A few early thoughts after the Canadian TV networks' 2021-22 schedule announcements.
Nomadland, a film written and directed by Chloé Zhao, and starring Frances McDormand as a woman who travels around the (present-day) Western United States, is widely considered to be the best North American film of 2020, and won the Oscar for Best Picture at the 93rd Academy Awards. It was released widely, though only in the U.S., on Friday, February 19, 2021.
Since Friday, April 9, 2021, the film has been available in Canada as part of the Star hub of the Disney+ streaming service, at no extra charge to Canadian subscribers. It's our understanding that it's also screening in some Canadian theatres as of this writing in early May, though cinemas in much of the country remain closed, and cinemas owned by Canada's biggest theatre chain, Cineplex, have declined to book the film for now.
Just one day prior to the U.S. release, the film's distributor Searchlight Pictures – formerly Fox Searchlight, and now the arthouse films division of The Walt Disney Company – announced that the Canadian release of Nomadland would begin on April 9. (Initially, there was supposed to be an early theatrical release in Toronto area cinemas on March 19, however with theatres in that region remaining closed, that part of the plan was cancelled.)
Disney+ is available in Canada to new subscribers for $11.99 per month, or $119.99 per year (those that subscribed prior to February 23 retain their previous rates until at least August). Although Star has been described in some media as an "add-on" to Disney+, Star (and therefore access to Nomadland) is included automatically at no extra charge, though you may need to update your content settings to allow R-rated films like Nomadland.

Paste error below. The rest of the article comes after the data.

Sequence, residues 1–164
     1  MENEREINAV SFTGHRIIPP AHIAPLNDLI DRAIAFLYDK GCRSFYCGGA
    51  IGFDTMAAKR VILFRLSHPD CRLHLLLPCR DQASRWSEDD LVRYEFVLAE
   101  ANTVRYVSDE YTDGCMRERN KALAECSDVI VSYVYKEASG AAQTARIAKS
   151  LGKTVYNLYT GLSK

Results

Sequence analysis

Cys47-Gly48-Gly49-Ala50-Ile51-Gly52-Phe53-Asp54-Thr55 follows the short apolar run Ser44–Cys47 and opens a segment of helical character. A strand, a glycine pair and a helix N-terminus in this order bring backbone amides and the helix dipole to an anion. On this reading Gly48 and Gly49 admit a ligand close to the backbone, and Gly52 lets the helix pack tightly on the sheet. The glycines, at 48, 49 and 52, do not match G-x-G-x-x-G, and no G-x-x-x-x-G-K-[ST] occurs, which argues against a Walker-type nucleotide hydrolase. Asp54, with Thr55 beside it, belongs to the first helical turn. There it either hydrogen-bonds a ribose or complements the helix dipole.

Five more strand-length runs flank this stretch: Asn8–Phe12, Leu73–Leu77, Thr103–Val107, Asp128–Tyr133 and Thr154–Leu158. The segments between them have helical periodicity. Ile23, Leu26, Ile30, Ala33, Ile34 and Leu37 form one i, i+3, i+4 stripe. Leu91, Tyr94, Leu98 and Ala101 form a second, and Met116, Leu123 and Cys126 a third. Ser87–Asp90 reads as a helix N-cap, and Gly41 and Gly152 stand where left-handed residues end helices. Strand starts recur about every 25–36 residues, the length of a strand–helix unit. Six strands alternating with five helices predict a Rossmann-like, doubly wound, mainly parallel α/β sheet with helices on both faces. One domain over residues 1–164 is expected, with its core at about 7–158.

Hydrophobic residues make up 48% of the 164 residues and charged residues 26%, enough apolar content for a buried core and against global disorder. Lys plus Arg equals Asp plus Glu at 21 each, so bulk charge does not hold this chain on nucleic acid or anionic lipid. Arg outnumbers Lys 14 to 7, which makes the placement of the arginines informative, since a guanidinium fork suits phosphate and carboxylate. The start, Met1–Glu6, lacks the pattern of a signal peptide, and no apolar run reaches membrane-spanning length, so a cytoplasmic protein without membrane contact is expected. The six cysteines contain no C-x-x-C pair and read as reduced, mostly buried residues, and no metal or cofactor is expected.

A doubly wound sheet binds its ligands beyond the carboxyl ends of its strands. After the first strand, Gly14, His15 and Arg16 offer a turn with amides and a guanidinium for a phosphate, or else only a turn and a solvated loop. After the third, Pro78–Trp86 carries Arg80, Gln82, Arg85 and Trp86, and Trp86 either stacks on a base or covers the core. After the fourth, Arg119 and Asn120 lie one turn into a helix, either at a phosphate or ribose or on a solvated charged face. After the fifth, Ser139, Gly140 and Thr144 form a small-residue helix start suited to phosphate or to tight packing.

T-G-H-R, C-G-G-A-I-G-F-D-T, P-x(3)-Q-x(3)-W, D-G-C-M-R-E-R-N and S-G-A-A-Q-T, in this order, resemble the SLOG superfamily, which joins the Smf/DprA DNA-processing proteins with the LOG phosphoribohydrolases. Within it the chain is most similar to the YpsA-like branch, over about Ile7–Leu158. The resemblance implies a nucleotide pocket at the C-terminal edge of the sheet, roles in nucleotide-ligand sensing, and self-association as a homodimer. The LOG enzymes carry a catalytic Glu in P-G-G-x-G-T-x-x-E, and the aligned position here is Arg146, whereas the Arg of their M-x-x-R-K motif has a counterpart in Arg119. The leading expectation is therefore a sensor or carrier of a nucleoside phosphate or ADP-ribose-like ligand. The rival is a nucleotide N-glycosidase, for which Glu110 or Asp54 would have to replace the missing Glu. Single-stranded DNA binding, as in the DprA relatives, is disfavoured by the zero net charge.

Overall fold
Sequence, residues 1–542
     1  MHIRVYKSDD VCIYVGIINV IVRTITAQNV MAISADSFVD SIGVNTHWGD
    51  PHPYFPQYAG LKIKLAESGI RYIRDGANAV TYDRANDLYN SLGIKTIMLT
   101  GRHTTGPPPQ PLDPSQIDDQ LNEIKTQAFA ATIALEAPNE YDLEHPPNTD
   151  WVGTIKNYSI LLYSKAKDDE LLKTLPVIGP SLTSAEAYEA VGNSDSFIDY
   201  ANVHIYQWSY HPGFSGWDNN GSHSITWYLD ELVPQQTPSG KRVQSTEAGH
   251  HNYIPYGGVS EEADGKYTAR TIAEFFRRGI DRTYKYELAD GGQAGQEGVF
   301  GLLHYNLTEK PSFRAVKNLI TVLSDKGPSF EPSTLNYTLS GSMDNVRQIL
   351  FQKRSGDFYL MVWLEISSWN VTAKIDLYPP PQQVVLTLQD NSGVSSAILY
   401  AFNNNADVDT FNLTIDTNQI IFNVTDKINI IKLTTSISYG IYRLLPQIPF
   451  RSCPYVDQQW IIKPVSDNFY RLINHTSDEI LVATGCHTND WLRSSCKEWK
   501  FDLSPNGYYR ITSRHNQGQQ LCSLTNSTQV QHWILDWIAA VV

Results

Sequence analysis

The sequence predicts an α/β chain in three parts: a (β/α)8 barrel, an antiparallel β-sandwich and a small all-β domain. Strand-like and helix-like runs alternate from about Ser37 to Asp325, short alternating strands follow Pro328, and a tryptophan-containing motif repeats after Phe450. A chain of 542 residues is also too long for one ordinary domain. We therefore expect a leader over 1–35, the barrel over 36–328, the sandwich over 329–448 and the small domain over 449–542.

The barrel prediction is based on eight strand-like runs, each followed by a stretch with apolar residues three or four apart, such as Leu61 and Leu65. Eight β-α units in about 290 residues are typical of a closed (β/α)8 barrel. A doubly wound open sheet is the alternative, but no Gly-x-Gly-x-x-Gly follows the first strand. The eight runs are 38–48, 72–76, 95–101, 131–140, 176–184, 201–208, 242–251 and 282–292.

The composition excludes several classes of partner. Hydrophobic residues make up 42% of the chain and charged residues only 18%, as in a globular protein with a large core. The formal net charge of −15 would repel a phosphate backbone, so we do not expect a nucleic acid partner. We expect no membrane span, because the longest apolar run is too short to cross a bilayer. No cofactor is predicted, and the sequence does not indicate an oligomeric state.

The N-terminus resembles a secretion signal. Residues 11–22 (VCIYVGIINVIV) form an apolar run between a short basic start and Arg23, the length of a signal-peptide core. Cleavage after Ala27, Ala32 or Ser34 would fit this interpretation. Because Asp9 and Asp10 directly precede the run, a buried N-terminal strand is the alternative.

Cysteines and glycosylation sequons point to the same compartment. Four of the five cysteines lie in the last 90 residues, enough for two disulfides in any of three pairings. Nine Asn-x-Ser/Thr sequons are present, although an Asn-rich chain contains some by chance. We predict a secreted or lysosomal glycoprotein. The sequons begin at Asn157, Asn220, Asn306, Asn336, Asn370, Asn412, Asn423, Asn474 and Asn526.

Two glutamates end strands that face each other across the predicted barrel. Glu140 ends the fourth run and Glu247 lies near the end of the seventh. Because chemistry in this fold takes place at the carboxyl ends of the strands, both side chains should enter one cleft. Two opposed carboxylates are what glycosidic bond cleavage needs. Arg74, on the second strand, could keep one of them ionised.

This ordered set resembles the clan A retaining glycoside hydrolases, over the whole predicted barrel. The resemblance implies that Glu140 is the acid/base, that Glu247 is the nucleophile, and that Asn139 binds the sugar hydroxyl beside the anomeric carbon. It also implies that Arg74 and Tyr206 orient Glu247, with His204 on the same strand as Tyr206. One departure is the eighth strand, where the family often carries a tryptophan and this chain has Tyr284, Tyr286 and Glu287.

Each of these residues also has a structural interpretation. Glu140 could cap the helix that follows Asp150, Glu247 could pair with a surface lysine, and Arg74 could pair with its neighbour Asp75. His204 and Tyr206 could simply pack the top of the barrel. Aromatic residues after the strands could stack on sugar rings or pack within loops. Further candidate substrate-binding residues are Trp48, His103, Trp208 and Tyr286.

Why wasn't "Nomadland" available in Canada sooner?
Nomadland has had a slow North American rollout, due in part to the coronavirus pandemic and the resulting closures of theatres across the continent (and indeed worldwide). This began with film festivals including the Toronto International Film Festival (TIFF) in September 2020, where it had a capacity-limited digital screening – albeit one that could be accessed from anywhere in Canada.
In the United States, distributor Searchlight Pictures – a subsidiary of Disney – released the film simultaneously in theatres and on Disney's general entertainment streaming service Hulu on February 19, presumably expecting that most American theatres will continue to operate at reduced capacity, or remain closed in some areas, for the next few months.
However, Disney indicated that it would wait until at least early March before releasing the movie internationally – evidently taking a wait-and-see approach. Canada is sometimes included in the "domestic" (U.S.) release plans, but this tends to vary by distributor. And of course, Hulu is not available in Canada, though Disney was already in the process of launching its new "Star" adult-focused programming section of Disney+ in Canada and a few other countries. Ultimately, at least in Canada, Disney decided to use Star in a similar fashion to Hulu in the U.S. for releasing Nomadland.
Is this the new film with Robin Wright?
Nope, that's a different movie about a woman living in the wilderness, which is just called Land. That movie came out in Canadian theatres on February 12, and was made available via PVOD in Canada in early March.